Willa’s genetically identical doppelgänger, baby Elizabeth Ann, was raised by a surrogate mother alongside other baby ferrets.

10 North American Animals That Should Be Preserved in the DNA Vault Immediately

The following animals represent a consensus from all the writer’s here at Dakoa. To be clear, no one asked us for our recommendations!

1. California Condor

Once on the brink of extinction, the California Condor is the largest bird in North America. Captive breeding programs have increased its numbers, but it remains critically endangered. There are currently around 334 condors in the wild and 203 in captive breeding projects.

2. Mexican Gray Wolf

Once extinct in the wild, reintroduction programs have begun to bring this subspecies of the gray wolf back. However, it's still one of the most endangered canids in the world, with only 241 wolves total. Forty packs for a total of 136 wolves are in New Mexico and 19 packs of 105 wolves in Arizona.

3. Black-footed Ferret

Native to central North America, it's one of the most endangered mammals on the continent. Disease and habitat loss have greatly reduced its population. According to the IUCN Red List, there are approximately 370 wild-living individuals in populations in several US states and Mexico, of which 206 are mature individuals in self-sustaining free-living populations. About 280 Black-Footed Ferrets are currently living in captive breeding facilities.

4. Florida Panther

A subspecies of the cougar, the Florida Panther is critically endangered, with only around 210–230 adults remaining in the wild. This big cat has had a long journey back from the brink of extinction in the last 50 years since it was first placed on the Endangered species list in 1967. The population has rebounded from an estimated low of only ten animals to over 200 animals.

5. Vaquita

As previously mentioned, this small porpoise in the Gulf of California is on the verge of extinction, primarily due to entanglement in fishing nets. In 2017 there were 30 remaining Vaquita, now in 2023 the population has dwindled to only 10.

6. Red Wolf

Native to the southeastern US, the red wolf is critically endangered due to habitat loss and hybridization with coyotes. Currently, only 15 to 17 red wolves roam their native habitats in eastern North Carolina, while approximately 241 are maintained in 45 captive breeding facilities throughout the United States.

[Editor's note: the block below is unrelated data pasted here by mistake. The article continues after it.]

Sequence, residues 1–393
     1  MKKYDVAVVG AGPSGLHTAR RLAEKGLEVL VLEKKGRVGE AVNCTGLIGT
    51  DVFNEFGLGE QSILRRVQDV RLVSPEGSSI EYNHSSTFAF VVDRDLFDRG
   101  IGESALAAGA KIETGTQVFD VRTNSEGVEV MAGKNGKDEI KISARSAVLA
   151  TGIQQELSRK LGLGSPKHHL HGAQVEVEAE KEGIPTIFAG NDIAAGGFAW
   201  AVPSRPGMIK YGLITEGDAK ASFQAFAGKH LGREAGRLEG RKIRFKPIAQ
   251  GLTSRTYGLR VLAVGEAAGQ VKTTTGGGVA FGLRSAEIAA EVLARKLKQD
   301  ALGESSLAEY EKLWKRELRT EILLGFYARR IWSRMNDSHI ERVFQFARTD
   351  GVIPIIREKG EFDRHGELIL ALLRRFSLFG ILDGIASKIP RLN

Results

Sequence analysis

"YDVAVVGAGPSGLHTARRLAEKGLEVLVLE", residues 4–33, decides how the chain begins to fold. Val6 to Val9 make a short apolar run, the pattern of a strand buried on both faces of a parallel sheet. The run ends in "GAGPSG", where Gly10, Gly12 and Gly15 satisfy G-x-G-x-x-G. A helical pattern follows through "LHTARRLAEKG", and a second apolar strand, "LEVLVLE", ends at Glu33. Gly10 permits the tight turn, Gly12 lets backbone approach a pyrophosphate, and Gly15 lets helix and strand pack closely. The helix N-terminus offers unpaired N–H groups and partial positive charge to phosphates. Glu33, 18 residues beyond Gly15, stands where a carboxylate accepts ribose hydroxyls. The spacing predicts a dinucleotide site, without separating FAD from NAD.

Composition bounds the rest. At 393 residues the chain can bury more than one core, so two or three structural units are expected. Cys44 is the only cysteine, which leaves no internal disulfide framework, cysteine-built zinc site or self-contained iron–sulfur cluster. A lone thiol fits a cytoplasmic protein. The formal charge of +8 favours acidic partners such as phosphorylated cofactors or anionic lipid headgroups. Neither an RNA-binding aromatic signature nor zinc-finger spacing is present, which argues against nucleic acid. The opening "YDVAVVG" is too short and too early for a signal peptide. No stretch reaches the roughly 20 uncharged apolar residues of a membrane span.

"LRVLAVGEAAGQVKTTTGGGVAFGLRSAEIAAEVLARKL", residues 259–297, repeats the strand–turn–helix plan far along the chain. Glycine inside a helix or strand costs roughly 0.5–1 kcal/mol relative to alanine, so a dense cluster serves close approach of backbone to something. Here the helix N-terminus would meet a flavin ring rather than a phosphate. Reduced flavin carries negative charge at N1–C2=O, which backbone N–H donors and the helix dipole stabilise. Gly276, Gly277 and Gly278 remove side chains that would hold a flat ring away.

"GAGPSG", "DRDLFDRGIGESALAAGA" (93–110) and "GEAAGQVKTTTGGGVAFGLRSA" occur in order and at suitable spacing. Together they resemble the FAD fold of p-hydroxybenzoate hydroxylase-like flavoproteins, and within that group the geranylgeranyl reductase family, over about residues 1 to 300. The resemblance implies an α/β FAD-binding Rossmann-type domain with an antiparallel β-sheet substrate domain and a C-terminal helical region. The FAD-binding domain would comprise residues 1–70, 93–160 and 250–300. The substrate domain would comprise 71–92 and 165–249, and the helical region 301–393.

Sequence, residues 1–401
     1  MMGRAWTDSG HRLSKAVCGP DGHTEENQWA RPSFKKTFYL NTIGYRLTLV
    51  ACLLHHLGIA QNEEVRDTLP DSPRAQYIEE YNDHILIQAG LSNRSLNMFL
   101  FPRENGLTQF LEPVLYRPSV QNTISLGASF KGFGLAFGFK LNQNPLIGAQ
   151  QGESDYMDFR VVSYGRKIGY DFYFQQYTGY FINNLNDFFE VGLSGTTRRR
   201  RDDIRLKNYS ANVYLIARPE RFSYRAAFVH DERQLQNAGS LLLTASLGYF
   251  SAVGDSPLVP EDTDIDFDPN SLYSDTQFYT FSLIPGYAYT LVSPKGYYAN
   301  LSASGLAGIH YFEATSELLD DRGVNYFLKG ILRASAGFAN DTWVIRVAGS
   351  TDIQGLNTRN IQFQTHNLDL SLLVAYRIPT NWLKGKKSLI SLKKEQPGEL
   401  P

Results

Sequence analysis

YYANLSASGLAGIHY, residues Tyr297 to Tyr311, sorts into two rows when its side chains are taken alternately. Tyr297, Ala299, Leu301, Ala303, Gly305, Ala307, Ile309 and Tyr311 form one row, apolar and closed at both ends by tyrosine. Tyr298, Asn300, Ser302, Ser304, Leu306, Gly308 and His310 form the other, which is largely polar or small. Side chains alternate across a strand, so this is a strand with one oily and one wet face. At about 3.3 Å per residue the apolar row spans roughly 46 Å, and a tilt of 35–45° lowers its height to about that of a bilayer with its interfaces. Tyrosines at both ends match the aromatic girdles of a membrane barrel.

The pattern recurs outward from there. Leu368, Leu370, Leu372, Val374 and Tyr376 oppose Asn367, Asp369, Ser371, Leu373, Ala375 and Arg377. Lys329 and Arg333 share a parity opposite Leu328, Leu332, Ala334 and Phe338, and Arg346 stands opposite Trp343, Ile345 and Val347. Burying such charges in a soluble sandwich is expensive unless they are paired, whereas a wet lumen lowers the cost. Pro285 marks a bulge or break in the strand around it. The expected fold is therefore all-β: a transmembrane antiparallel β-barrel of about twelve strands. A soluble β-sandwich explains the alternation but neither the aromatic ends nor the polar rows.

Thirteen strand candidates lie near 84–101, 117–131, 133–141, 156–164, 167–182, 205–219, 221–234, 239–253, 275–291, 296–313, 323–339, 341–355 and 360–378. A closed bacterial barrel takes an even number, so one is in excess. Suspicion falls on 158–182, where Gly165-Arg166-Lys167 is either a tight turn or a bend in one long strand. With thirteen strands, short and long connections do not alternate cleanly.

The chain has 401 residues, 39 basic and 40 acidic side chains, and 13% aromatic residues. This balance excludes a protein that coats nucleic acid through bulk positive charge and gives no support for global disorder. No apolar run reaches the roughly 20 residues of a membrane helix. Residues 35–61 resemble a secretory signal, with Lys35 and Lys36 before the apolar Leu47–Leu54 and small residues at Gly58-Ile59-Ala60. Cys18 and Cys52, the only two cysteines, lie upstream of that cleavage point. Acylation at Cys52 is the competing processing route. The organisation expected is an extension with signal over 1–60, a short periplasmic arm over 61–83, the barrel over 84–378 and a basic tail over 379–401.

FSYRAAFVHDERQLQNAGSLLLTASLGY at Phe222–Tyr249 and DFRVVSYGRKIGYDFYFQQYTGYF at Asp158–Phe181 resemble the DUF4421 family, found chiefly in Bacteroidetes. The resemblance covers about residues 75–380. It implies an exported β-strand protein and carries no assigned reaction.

7. Island Fox

Native to six of the Channel Islands off the coast of southern California, each island population is a unique subspecies that evolved separately from their mainland relatives. The past decades saw a severe decline in their numbers from habitat loss, predation and competition, and the introduction of diseases and parasites. Although conservation efforts have been successful, some populations remain endangered.

8. Northern Spotted Owl

This species resides in the old-growth forests of the Pacific Northwest. Logging, severe habitat loss and competition with the barred owl have greatly affected its numbers. There are now fewer than 1,200 pairs in Oregon, 560 pairs in Northern California, and 500 pairs in Washington. Washington alone has lost over 90% of its old growth forest due to logging, which has caused a 75% decline of the Northern Spotted Owl population.

9. Alabama Beach Mouse

Found only in the dunes of Alabama, this small rodent faces threats from habitat destruction due to coastal development and rising sea levels. Beach mice play a vital role in the coastal dune ecosystem by dispersing seeds that stabilize dunes and serving as prey for predators. Furthermore, domestic (primarily domestic cats) and wild animals hunt them, while competition from other rodents has led to their decline in areas like Alabama.

10. Steller's Sea-Eagle

While primarily found in eastern Russia, this majestic bird occasionally makes its way to the Aleutian Islands in Alaska. The main threats to these rare sea eagles include habitat alteration from human development, industrial pollution, and overfishing, which in turn decrease their prey source. According to the IUCN Red List, the total population size of Steller's sea eagle is around 4,600-5,100 individuals, including around 1,830-1,900 breeding pairs.

These species represent just a portion of the many animals under threat in North America. Preservation efforts, both in habitat protection and initiatives like DNA vaults, are crucial to ensure their survival.